Background: Functional (psychogenic) movement disorders (FMD) have features associated with voluntary movement (e.g. distractibility) but patients report movements to be out of their control. One explanation for this phenomenon is that sense of agency for movement is impaired. The phenomenon of reduction in the intensity of sensory experience when movement is self-generated and a reduction in sensory evoked potentials (SEPs) amplitude at the onset of self-paced movement (sensory attenuation) have been linked to sense of agency for movement.
Methods: We compared amplitude of SEPs from median nerve stimulation at rest and at the onset of a self-paced movement of the thumb in 17 patients with FMD and 17 healthy controls.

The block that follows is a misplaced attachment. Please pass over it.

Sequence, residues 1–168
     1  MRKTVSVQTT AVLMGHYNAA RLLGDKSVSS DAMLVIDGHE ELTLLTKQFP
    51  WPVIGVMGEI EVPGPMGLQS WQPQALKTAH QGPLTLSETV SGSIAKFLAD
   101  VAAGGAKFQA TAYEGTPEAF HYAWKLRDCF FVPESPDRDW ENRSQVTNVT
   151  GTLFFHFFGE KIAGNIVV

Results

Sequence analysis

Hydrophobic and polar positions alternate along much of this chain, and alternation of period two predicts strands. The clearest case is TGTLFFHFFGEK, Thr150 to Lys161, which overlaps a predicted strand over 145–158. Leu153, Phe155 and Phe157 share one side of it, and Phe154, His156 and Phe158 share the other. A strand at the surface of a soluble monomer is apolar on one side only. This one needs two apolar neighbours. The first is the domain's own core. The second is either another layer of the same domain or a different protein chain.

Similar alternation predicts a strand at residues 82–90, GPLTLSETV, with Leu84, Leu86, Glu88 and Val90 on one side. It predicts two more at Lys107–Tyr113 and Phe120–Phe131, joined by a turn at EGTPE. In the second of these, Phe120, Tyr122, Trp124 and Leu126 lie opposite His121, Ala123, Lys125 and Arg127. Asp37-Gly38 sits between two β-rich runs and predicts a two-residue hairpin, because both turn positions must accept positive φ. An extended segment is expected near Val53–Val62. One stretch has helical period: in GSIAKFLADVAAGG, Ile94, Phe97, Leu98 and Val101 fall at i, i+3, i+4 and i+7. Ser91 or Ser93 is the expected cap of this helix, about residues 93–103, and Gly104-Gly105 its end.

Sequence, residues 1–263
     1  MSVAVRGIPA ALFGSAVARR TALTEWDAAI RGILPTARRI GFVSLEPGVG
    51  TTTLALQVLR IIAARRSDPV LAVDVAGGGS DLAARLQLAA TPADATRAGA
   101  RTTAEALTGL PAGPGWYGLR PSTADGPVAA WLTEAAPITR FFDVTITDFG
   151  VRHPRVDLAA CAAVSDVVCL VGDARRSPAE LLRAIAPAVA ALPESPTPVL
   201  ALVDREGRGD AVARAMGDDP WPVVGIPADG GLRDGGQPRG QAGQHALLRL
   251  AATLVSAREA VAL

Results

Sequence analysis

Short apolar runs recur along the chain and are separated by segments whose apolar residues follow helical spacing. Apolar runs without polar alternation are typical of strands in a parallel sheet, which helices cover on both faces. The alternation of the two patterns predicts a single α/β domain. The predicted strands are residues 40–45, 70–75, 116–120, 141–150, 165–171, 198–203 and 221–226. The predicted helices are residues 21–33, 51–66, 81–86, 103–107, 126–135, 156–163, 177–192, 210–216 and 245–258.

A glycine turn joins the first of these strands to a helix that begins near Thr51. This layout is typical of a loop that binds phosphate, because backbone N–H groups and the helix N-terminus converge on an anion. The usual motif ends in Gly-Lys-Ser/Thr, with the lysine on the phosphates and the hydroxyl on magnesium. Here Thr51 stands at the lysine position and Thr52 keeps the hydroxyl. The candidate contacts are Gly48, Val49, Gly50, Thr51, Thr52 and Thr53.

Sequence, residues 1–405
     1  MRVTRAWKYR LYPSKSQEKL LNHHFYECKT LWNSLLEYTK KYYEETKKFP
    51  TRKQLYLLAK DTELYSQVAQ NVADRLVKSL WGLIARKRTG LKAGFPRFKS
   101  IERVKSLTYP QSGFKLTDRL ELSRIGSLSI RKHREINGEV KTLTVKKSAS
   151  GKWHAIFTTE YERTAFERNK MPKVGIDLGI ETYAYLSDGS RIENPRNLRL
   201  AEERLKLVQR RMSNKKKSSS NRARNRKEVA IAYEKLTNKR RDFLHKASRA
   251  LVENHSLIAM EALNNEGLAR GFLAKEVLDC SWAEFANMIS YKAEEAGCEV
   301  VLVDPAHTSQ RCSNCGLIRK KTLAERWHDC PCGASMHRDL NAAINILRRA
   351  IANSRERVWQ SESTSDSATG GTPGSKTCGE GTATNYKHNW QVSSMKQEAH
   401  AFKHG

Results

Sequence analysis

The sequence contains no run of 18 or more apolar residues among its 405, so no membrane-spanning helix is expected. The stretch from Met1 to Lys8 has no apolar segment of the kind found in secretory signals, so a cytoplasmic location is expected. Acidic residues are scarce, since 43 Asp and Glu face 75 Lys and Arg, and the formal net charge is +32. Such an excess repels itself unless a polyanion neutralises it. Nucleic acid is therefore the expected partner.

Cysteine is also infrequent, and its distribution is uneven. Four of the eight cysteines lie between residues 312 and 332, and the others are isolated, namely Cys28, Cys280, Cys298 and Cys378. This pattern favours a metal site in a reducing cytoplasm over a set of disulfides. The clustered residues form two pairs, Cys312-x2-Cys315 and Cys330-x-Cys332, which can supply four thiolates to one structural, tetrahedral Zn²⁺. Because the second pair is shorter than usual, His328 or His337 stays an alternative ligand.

Results: Patients showed lack of attenuation of SEPs at the onset of movement compared to reduction in amplitude of SEPs in controls. FMD patients had significantly different ratios of movement onset to rest SEPs than did healthy controls at each electrode: 0.79 in healthy controls and 1.35 in patients at F3 (t = -4.22, p<0.001), 0.78 in healthy controls and 1.12 at patients C3 (t = -3.15, p = 0.004) and 0.77 in healthy controls and 1.05 at patients P3 (t = -2.88, p = 0.007).
Conclusions: Patients with FMD have reduced sensory attenuation as measured by SEPs at onset of self-paced movement. This finding can be plausibly linked to impairment of sense of agency for movement in these patients.